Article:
(2) are the height and area of the column, and pb and pt are the pressures at the bottom and top of the column. This difference is precisely equal to the weight W
(3) of the water within the column, given by Eq. (3). If the water column were replaced with a solid object, the pressure forces on the object would be the same as on the original water column. That is, the net hydrostatic pressure force on the object, termed the buoyant force, would be equal to the weight of the water displaced (which is the statement of Archimedes' principle). The same concept holds for a body of arbitrary shape, which can be thought of a consisting of many small vertical columns fastened together. Archimedes' principle is valid for submerged or floating bodies in liquids or gases. See Buoyancy, Specific gravity

McGraw-Hill Concise Encyclopedia of Physics. © 2002 by The McGraw-Hill Companies, Inc.

Archimedes' principle

a law of physics stating that the apparent upward force (buoyancy) of a body immersed in a fluid is equal to the weight of the displaced fluid
Collins Discovery Encyclopedia, 1st edition © HarperCollins Publishers 2005
References in periodicals archive ?
The same tendency was found in the correlation between stomach volume and stomach content, with the Archimedes' principle method being higher than the Jobling's method ([R.sup.2] values of 0.95 and 0.68, respectively; Fig.
The behaviour of the curves created by plotting the points (X, Y) of the various relationships is as follows: with the Jobling's method, the intersection of the curve with the Y-axis (0.0499, 4.3092 and 3.7867 in Figures 1a-1c, respectively) is higher in each case than with the Archimedes' principle method (0.0007, 1.4467 and 1.6138 in Figures 1a-1c, respectively).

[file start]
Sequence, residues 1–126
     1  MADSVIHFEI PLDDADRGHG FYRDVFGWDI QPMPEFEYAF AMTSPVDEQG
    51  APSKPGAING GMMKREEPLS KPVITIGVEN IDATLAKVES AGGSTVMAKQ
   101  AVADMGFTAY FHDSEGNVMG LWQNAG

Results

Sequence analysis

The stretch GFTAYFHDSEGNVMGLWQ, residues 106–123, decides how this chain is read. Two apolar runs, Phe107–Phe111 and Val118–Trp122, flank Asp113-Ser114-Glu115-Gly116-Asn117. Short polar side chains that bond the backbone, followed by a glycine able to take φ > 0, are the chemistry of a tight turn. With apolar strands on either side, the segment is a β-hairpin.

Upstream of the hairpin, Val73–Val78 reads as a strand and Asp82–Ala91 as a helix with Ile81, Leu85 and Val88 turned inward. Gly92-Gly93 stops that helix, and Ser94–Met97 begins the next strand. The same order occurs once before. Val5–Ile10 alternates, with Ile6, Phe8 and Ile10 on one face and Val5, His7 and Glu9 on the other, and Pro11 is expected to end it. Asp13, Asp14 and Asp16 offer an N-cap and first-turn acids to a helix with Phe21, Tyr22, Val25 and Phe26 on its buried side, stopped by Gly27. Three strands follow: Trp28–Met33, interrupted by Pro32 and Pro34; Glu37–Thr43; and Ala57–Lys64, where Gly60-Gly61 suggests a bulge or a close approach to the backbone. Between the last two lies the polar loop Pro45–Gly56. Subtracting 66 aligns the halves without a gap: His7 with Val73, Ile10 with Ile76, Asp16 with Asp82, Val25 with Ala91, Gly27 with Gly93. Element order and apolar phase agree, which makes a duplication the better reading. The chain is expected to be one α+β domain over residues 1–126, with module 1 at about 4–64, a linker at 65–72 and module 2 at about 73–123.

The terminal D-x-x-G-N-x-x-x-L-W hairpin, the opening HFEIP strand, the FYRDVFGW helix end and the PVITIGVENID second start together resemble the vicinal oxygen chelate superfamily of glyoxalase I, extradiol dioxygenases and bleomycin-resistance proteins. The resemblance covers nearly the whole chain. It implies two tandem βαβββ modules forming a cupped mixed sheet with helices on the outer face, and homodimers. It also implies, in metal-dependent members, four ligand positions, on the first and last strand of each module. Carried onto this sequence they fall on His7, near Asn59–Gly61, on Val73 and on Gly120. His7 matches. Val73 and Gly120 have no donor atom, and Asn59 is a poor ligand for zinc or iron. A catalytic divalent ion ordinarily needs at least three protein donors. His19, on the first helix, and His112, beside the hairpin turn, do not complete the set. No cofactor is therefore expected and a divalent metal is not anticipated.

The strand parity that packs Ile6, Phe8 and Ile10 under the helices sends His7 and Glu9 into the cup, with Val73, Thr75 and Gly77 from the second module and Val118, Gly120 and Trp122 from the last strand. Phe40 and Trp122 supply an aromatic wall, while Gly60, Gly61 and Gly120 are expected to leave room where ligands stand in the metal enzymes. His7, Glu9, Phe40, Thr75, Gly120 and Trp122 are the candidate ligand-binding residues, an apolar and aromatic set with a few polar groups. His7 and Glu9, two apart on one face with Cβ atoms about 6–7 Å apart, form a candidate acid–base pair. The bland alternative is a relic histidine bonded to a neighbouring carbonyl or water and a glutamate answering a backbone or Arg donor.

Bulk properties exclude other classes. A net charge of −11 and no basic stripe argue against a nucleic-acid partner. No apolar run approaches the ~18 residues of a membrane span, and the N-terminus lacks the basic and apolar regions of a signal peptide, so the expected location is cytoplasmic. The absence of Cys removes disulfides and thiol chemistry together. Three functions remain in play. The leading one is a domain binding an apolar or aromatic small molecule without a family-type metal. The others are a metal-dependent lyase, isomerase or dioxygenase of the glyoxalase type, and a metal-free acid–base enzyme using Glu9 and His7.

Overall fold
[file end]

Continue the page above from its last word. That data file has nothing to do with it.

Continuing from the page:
According to the present experiment, the Archimedes' principle method is more effective and provides greater data precision in the measurement of real maximum stomach volume in fish, based on higher [R.sup.2] (means best curve adjustment) compared to results obtained by Jobling method.
According to the relationship between stomach volume and stomach content, the Archimedes' principle method presented a higher coefficient of determination than the Jobling's method; this could be because the first method considers the real maximum volume of the stomach, while the second considers the maximum forced expanded stomach volume.
The intent of this research was to find out if it is possible to get sixth graders--who have not yet been formally taught the concepts of mass, density, pressure, volume and buoyancy--to understand (and, perhaps, arrive at) Archimedes' principle. The entire lesson was therefore presented without using any of these terms.
Helping students develop an understanding of Archimedes' principle II.
The method was validated by comparing the volume of stones measured by Archimedes' principle to the corresponding values estimated with PHM.
Galileo was clearly keeping the scaling theory a secret for the eventuality of a situation like this one, and his new view of Archimedes' principle was completely beyond the abilities of his opponents to answer.
This important discovery later became known as Archimedes' Principle.
Visualising a space where people could learn about Archimedes' principles in a 'hands on' way became a dream he realised in 2014.